Sunday, October 6, 2013

52 Blessings - Aches

One of our friends lost the lower half of his arm in an electrical accident.  His wife told me that the phantom pain was the worst:  his fingers hurt but there were no fingers; his hand throbbed but there was no hand. There's no remedy for phantom pain.

Last weekend Calvin and I flew to Mississippi to visit Ty, Michelle, Afton, and Eliza.  Calvin came home early and I stayed longer.  Yesterday I flew home and several times I "heard" Afton talk, laugh, or fuss at the back of the plane, and when I woke up from a nap I "felt" Eliza resting on my chest.  It was phantom Payne and it ached.

It still aches.  We had such a good time and there is a lot to miss this morning:

1.  The girls - Afton and Eliza.

Afton holding Eliza.  

Afton thinks Eliza is the best.  And every time Eliza sneezes, Afton laughs her deep throaty laugh. 

Eliza is a dream baby.  She peeps when she's hungry and then contentedly watches the world around her when she's full.

Wherever Afton goes she wears little red crocs and holds her arm crooked in the air with a purse dangling from it while pushing her babies in a stroller.  It is so darn cute.

2.  Seeing Ty and Michelle take care of their family.

Michelle is a happy mom.  You frequently hear her singing to the kids throughout the house and laughing with them.  For instance, she comes out with Afton's pajamas on her head calling, "Afton, where are your jammies?  Where can they be?  I can't find them."  Afton giggles and follows her.

It's no wonder the kids love to be with her.

Likewise, Ty takes the girls with him wherever he goes.  He includes them in every part of his life.

It's no wonder the kids love to be with him.

Ty played a song for us to sing on the piano for family home evening.  Michelle is a pianist, but Ty has wanted to learn how to play a few songs so he played one he knows for us.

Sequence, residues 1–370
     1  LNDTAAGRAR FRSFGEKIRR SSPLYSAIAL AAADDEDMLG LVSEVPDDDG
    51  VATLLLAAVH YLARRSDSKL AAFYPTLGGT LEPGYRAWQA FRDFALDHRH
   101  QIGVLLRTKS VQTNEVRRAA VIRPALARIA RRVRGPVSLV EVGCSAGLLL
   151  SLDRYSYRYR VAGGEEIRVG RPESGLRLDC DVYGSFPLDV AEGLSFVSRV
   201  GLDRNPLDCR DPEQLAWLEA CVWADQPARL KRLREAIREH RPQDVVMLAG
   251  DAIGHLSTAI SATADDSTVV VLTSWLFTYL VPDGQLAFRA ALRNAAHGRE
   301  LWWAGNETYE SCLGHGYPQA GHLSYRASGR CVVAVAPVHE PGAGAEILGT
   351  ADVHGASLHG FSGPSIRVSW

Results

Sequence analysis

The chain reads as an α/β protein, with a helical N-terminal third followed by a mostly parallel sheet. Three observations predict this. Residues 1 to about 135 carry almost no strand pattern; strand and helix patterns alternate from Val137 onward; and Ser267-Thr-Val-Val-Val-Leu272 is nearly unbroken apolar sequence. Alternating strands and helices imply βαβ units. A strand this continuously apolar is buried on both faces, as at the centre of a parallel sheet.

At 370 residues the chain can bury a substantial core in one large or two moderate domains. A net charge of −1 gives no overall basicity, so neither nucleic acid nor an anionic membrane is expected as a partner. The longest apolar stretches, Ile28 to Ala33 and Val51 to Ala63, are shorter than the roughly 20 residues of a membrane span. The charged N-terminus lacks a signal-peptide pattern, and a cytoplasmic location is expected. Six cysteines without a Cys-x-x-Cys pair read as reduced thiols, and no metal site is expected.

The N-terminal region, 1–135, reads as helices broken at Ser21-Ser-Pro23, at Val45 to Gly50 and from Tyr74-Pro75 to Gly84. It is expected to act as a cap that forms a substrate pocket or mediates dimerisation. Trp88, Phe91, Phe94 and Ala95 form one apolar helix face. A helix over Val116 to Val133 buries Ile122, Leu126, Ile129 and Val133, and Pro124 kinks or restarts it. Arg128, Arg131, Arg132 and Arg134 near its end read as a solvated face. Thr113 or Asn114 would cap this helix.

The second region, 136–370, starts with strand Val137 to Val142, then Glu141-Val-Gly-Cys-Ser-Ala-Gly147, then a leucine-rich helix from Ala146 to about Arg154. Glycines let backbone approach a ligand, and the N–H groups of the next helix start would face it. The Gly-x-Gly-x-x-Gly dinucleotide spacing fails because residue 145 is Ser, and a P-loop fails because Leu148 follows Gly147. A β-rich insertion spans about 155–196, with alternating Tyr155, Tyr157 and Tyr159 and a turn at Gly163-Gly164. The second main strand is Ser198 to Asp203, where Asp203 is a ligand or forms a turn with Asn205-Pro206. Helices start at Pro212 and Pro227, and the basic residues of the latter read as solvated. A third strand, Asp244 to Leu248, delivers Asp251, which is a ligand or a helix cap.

One of the things I admire about Ty and Michelle is they don't discriminate and segregate in their family as to who can do things best, they just pitch in, work, and learn together then teach each other.

Every evening they have family scripture study together.  Afton sits in her chair quietly for a few minutes as they teach her about the Savior.  To keep her attention they ask her to repeat a word every now and then.  (She was so excited when Michelle told her to say "Jews" she thought she was going to get juice.)  Afton's favorite part of the event is passing out the books and putting them back in the drawer.  My favorite part was watching her and then the follow-up discussion on what we learned after she'd run off to play.

There are several playgrounds near their home and they frequent them often.

Michelle sewed this quilt for Eliza.  A few years ago she decided to learn to sew . . . and did . . . and does.  I'm still inspired by her learning and execution.

Ty and Michelle are deliberate parents and are always wondering, reading, and thinking about how best to teach and help their family.

(I wish you could hear Afton say, "Help please."  They taught her to say that when she gets frustrated.  You can see her frustration mount as she tries to do something and then all of a sudden, out of her deep, gruff little voice, you hear this higher pitched, "Help please."  Who wouldn't give her a cookie, or unwrap a candy, or open the cupboard, or whatever it is she wants when she says it?)

  3.  The world they live in.

Planes are flying over during all the daylight hours.  Reveille plays at 7:00 am, The Star-Spangled Banner at 5:00 pm, and Taps at 9:00 pm.  Afton recognizes the "Star Song" and puts her hand on her stomach, aiming for her heart when it plays.

It's reassuring watching the military families pull together to help each other find babysitters, support, and encouragement.

4.  Spending time with Michelle's family is an extra bonus.

Afton, Grandma Kathy, Eliza

Brian, Michelle, Kathy, Eliza

We love Brian and Kathy and getting to spend time with them.  

Michelle had spent a lot of time with Afton the few weeks before we got there preparing her for two sets of grandparents simultaneously visiting.  She had made puppets of all of our faces and sang We Are a Happy Family over and over.  Afton was warm and friendly to us all.

Kathy had spent the two weeks before we got there with Ty and Michelle and had the fridge full of fun things to eat the weekend we got there.  Here is her fruit dip recipe that was so good:

8 oz. cream cheese
15 oz. can Cream of Coconut
8 oz. tub Cool Whip

Whip the cream cheese with the Cream of Coconut in a stand mixer until all lumps are gone. Remove paddle and fold in Cool Whip. Serve with fruit or graham crackers.

What a great time.  We're lucky to have a family that it is so darn hard to say good-bye to.  

Ty, Afton, Eliza, and Michelle on Afton's blessing day